Development and Validation of a Total Worker Health Climate Scale (led by Dr. Emily Huang). Emerging from her long-term work on the safety climate assessment, Dr. Huang’s study will focus on the development of a Total Worker Health (TWH) Climate Scale. This scale will encompass three dimensions of TWH Climate: Safety Climate, Physical Health Climate and Well-being Climate, and will be validated within OHWC utility and manufacturing industries. The goal is to produce a broadly applicable, integrated, reliable, and valid TWH Climate scale that can help organizational leaders and practitioners identify strengths and avenues for improvement, and benchmark progress toward safety, health, and well-being outcomes. Study type: Etiological research project; scale development.  Learn more about the Total Worker Health Climate Scale project.

  • The Active Workplace Study (Brad Wipfli & Steven Shea, MPIs): Exposure to sedentary work is an occupational hazard with significant health and safety consequences, including increased risk of heart disease, diabetes, early mortality, musculoskeletal pain, injuries, and detrimental changes in physiological functioning. As the number of sedentary jobs in the US continues to grow, effective interventions to reduce sedentary behavior in the workplace are increasingly important. This multilevel intervention will examine the effectiveness of varying doses of a Total Worker Health intervention, aimed at maximizing the utilization of health and safety resources, for reducing sedentary behavior and prolonged sitting among call center employees, who are among the most sedentary workers in the US.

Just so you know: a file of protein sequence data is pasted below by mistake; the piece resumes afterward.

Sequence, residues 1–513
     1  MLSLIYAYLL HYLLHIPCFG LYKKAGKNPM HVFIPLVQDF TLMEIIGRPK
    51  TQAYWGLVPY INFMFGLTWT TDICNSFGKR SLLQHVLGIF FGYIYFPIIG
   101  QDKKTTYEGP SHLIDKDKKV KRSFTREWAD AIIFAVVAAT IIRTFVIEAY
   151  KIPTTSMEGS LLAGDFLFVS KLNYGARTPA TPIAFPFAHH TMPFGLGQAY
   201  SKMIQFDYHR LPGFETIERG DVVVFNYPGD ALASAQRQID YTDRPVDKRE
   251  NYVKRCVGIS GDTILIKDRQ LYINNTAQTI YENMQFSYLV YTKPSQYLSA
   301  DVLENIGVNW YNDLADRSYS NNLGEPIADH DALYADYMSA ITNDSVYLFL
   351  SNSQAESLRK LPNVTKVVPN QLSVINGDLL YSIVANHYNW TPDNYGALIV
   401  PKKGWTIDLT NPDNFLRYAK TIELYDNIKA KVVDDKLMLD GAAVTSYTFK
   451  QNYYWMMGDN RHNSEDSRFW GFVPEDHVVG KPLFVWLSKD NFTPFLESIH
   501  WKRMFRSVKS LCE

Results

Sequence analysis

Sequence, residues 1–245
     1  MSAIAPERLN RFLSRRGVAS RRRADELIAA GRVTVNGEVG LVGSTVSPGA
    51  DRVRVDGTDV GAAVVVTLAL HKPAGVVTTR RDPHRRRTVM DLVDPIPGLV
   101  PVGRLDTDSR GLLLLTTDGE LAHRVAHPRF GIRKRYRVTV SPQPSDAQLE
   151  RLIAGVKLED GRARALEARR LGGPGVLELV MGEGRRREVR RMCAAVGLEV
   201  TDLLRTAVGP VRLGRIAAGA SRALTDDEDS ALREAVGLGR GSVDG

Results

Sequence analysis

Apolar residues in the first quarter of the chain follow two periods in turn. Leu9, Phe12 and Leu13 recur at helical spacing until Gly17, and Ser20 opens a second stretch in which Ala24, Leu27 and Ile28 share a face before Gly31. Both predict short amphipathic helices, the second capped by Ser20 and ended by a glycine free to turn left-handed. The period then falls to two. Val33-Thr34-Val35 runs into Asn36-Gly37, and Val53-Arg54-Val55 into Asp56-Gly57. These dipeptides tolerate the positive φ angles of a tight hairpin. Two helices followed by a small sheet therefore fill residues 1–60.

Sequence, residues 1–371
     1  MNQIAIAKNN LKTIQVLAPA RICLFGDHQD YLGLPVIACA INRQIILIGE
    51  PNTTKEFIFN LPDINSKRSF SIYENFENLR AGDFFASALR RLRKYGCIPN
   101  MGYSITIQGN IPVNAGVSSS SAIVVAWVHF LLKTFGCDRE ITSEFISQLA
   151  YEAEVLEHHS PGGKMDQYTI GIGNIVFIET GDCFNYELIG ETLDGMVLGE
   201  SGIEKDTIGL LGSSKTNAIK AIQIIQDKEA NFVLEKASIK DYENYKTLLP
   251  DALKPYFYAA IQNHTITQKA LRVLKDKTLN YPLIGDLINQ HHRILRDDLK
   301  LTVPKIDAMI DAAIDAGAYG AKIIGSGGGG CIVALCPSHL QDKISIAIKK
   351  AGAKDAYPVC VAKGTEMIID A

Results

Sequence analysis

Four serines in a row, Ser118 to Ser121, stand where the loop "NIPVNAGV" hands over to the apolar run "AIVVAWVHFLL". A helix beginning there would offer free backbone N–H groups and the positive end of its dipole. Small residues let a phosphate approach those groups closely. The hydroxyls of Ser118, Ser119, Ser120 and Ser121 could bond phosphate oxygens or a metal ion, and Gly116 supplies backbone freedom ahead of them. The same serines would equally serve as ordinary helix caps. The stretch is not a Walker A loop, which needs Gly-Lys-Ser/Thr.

• Tech4Rest (Ryan Olson & Peter W. Johnson, MPIs): Sleep deficiency is a crosscutting factor for Total Worker Health that not only impacts workplace safety, but also generates excess risk for obesity, chronic disease, and early mortality. This is particularly true in long-haul trucking where drivers face very challenging sleeping conditions. Our project will focus on truck driver teams (pairs), where one driver sleeps in a moving vehicle while the other partner drives. Team drivers experience twice as many awakenings as solo drivers. We will evaluate engineering and behavioral interventions to improve sleep, reduce fatigue, and impact Total Worker Health. An enhanced cab intervention will alter whole body vibrations during driving and sleep periods, and includes a therapeutic mattress system and an active suspension seat. The enhanced cab will be evaluated alone and in combination with a behavioral sleep intervention adapted from our effective SHIFT (Safety & Health Involvement For Truckers) program. The interventions prioritize hazard reduction according to the hierarchy of controls, and will be evaluated with a randomized controlled design.